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The Tastiest (and Easiest) Poke Recipe to Make at Home

Young Street Poke
Image used with permission by copyright holder
If you are a seafood lover of any sort, chances are you’ve become aware of poke , the classic Hawaiian dish, sometime in the last few years. Maybe you saw it on television, or maybe you’re living in a city where fast-casual poke joints are opening up every other day (you wouldn’t be far off on that, as there are now almost 700 poke restaurants on the mainland alone).

A fish salad made from raw tuna (though it is also popular with octopus) poke was originally a dish fisherman made with the leftovers from their daily catch. The fish would be marinated and mixed with ingredients like seaweed, limu (the Hawaiian word for algae), and candlenut (also known as Kukui nut). Depending on who was making it, you might also get green onions, Maui onions, or furikake (a mixture of sesame seeds, dried seaweed, and dried fish).

If you’re not a fish fan, you’re probably over this recipe already, but if you like fish — especially sushi — you’re probably at the point where you’re looking at your watch to see if it’s time for your next meal. If it is, you should make it poke. (If it isn’t, you should go out and get the ingredients so that you’ll be ready for the next meal to be poke.)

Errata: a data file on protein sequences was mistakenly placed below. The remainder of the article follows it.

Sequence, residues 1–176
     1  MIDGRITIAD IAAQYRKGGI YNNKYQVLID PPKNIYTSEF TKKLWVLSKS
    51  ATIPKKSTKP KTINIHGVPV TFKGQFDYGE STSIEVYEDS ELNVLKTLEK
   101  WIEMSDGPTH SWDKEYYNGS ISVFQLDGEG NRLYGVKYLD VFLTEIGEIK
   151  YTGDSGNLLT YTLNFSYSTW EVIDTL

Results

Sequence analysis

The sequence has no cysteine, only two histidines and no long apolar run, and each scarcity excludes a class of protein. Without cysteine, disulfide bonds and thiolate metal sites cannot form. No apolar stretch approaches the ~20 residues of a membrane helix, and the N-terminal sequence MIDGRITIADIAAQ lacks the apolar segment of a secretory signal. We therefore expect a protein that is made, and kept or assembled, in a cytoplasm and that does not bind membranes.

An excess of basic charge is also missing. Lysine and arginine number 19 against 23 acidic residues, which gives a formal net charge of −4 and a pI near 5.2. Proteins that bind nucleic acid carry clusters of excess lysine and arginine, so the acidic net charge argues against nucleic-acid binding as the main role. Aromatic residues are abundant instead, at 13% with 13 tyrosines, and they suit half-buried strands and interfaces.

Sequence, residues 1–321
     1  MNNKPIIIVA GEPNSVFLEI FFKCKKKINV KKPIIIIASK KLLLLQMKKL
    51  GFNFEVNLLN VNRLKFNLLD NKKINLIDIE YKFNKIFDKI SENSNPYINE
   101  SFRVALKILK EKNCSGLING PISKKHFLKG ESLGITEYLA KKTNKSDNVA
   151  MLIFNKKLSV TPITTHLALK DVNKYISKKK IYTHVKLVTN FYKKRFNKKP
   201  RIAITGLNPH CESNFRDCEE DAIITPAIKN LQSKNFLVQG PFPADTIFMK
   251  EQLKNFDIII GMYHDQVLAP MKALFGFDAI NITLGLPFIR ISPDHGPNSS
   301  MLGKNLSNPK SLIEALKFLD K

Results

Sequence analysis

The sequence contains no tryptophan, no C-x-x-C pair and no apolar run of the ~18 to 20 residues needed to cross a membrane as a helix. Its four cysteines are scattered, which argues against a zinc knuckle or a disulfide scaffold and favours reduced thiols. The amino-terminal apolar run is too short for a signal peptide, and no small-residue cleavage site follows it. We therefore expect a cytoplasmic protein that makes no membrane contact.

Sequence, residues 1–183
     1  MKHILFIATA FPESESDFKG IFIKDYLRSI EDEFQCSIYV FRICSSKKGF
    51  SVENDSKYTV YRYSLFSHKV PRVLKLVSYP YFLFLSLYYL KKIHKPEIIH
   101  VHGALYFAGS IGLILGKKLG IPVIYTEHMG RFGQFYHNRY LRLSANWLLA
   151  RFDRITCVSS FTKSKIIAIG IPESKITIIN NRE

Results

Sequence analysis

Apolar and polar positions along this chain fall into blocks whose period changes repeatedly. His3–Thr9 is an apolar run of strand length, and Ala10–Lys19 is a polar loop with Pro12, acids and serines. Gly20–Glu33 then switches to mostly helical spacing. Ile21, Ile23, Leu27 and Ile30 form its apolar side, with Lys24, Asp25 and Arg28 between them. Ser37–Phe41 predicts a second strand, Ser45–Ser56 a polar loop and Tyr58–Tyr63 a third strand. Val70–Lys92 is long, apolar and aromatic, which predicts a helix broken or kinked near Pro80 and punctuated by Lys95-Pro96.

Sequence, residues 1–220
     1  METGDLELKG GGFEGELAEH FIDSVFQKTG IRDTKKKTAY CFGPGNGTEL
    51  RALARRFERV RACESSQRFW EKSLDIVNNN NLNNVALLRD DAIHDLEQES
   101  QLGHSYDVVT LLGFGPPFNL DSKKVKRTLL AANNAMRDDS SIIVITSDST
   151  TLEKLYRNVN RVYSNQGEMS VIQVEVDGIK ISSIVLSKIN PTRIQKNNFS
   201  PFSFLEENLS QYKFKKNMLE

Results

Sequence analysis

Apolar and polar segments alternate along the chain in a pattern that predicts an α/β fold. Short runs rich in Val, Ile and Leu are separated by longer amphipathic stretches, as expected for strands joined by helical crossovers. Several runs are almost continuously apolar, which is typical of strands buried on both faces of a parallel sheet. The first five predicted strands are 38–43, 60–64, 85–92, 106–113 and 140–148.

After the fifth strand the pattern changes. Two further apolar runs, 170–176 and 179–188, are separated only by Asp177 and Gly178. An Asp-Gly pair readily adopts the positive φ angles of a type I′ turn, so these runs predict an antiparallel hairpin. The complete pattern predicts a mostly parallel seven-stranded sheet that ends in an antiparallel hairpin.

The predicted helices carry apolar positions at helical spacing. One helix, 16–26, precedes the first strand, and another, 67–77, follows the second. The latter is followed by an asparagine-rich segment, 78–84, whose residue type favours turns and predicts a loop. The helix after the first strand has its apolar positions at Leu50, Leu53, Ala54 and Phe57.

The great thing about poke — aside from the relative ease to find it in most major cities now — is that it is an incredibly quick and easy dish anyone can make at home. Literally, all you have to do after you’ve made the marinade is chop the ingredients, make some rice, and boom. Done.

To get the best poke recipe to make at home, we asked Takanori Akiyama of Young Street Poke in New York City for a quick, easy, and delicious option. Akiyama, who is also the chef of Big Apple institutions SakaMai and Bar Moga, shared with us his recipe for the Big Island Classic.

Big Island Classic Poke

poke recipe
Image used with permission by copyright holder
  • 250 g Sashimi-grade tuna, cut into 1/2” cubes
  • 20 g chopped white onion, minced
  • 20 g chopped scallion, cut in to 1/4” slices (both white and green parts)
  • 20 g chopped cucumber cut in to 1/4” dice
  • 10 g sliced green tosaka seaweed, cut in to 1/2” squares
  • 3 tbsp sesame soy sauce*
  • 1 tsp sesame seed

Method: Combine all ingredients in mixing bowl and put over rice or salad.

*Sesame Soy Sauce

  • 200 g soy sauce
  • 120 g


  • 35 g


  • 15 g sesame oil
  • 10 g spicy sesame oil
  • 13 g sugar
  • 15 g

    mochi powder

Method: Combine all ingredients in blender to mix. Use as dressing for poke.

If you happen to mate it Hawaii for some real-deal poke, make sure to check out these bars while you’re there.

Sam Slaughter
Sam Slaughter was the Food and Drink Editor for The Manual. Born and raised in New Jersey, he’s called the South home for…
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